In secondary hypersplenism, the underlying disease must be treated to prevent further sequestration or destruction of blood cells, and possible spleen enlargement. Those therapies will be tried prior to removal of the spleen (splenectomy), which is avoided if possible. In severe cases, the spleen must be removed. Splenectomy will correct the effects of low blood cell concentrations in the blood.

Key terms

Cirrhosis — Hardening of an organ, usually the liver. Cirrhosis of the liver is a progressive disease which leads to destruction of liver cells, interference with blood flow in the liver, and interference with the function of the liver.
Palpitations — Throbbing or pulsation. Heart palpitations usually infer an irregular or rapid rhythm.
Polycythemia vera — A chronic disorder characterized by increased red blood cell mass and other malfunctions of the blood system. It most commonly occurs in males of Jewish ancestry between the ages of 40 and 60.
Systemic — Relating to a system, or especially the entire system.
Systemic lupus erythematosus — A connective tissue disease that results in fever, weakness, fatigue, joint pain and arthritis.
Ulcerations — Breaks in skin or mucous membranes that are often accompanied by loss of tissue on the surface.


Prognosis depends on the underlying cause and progression of the disease. Left untreated, spleen enlargement can lead to serious complications. Hypersplenism can also lead to complications due to decreased blood cell counts.


Some of the underlying causes of hypersplenism or enlarged spleen can be prevented, such as certain forms of anemia and cirrhosis of the liver due to alcohol. In other cases, the hypersplenism may not be preventable, as it is a complication to an underlying disorder.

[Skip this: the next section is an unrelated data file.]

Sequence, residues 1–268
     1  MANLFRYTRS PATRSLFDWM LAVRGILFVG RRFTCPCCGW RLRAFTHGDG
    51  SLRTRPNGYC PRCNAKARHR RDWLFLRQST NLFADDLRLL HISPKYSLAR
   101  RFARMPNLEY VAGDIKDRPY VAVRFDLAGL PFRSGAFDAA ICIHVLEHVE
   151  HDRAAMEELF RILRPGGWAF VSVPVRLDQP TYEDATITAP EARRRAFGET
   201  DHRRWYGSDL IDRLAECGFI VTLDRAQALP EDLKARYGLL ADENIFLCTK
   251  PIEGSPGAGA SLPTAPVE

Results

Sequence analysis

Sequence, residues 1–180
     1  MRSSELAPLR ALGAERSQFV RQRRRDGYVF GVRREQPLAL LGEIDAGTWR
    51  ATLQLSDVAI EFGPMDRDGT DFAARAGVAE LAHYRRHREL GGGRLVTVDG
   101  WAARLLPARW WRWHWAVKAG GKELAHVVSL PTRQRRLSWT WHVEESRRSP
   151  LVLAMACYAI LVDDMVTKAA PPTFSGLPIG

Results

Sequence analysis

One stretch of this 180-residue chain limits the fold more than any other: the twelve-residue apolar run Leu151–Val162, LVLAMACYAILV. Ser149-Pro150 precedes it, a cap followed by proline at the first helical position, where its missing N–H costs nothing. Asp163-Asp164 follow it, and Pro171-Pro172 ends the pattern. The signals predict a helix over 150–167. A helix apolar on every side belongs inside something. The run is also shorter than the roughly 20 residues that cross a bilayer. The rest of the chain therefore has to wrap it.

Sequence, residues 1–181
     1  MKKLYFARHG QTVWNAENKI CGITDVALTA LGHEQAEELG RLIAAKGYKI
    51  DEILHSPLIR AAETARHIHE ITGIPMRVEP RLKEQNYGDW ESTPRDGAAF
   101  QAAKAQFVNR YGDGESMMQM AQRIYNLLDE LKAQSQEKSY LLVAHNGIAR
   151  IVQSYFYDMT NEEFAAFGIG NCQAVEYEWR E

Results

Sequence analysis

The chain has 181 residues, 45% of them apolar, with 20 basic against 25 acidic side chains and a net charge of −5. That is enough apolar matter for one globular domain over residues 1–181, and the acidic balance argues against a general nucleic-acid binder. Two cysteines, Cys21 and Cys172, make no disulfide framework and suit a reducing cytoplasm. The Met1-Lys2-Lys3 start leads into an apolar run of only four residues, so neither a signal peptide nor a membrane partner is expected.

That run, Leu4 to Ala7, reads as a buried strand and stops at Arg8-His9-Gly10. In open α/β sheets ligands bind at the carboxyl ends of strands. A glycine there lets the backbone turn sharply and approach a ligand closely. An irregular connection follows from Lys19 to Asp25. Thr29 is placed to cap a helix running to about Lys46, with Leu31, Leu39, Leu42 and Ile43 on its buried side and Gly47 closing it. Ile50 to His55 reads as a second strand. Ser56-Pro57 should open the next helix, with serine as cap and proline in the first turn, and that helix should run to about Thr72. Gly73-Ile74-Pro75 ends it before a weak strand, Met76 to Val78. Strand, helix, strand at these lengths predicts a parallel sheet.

American Liver Foundation. 1425 Pompton Ave., Cedar Grove, NJ 07009. (800) 223-0179. http://www.liverfoundation.org.
American Society of Hematology. 1200 19th Street NW, Suite 300, Washington, DC 20036-2422. (202) 857-1118. http://www.hematology.org.
National Heart, Lung and Blood Institute. PO Box 30105, Bethesda, MD 20824-0105. (301) 251-1222. http://www.nhlbi.nih.gov.
Gale Encyclopedia of Medicine. Copyright 2008 The Gale Group, Inc. All rights reserved.


a condition characterized by exaggeration of the hemolytic function of the spleen, resulting in deficiency of peripheral blood elements, and by hypercellularity of the bone marrow and splenomegaly.
Miller-Keane Encyclopedia and Dictionary of Medicine, Nursing, and Allied Health, Seventh Edition. © 2003 by Saunders, an imprint of Elsevier, Inc. All rights reserved.


Any of a group of conditions in which the cellular components of the blood or platelets are removed at an abnormally high rate by the spleen, resulting in low circulating levels.
Farlex Partner Medical Dictionary © Farlex 2012


(hī′pər-splĕn′ĭz′əm, -splē′nĭz′əm)
A condition in which the hemolytic action of the spleen is greatly increased.
The American Heritage® Medical Dictionary Copyright © 2007, 2004 by Houghton Mifflin Company. Published by Houghton Mifflin Company. All rights reserved.


Pathologic enlargement of the spleen, often accompanied by pancytopenia, hyperplasia of BM precursors, and improvement upon splenectomy Etiology hypersplenism Blood stasis often 2º to cirrhosis, thrombosis and other vascular abnormalities, anemia, lymphoproliferative disorders–eg, lymphoma, leukemia–especially CML, infection–eg, infectious mononucleosis, kala azar, malaria, TB; infiltrations–eg, Gaucher disease, Niemann-Pick disease, connective tissue disease Clinical If isolated, asymptomatic; primary diseases may be accompanied by malaise, abdominal pain, fever, fullness, purpura, hematemesis, GI bleeding Lab ↓ RBC survival, reticulocytosis, 'left shift' of myeloid series. Cf Splenosis.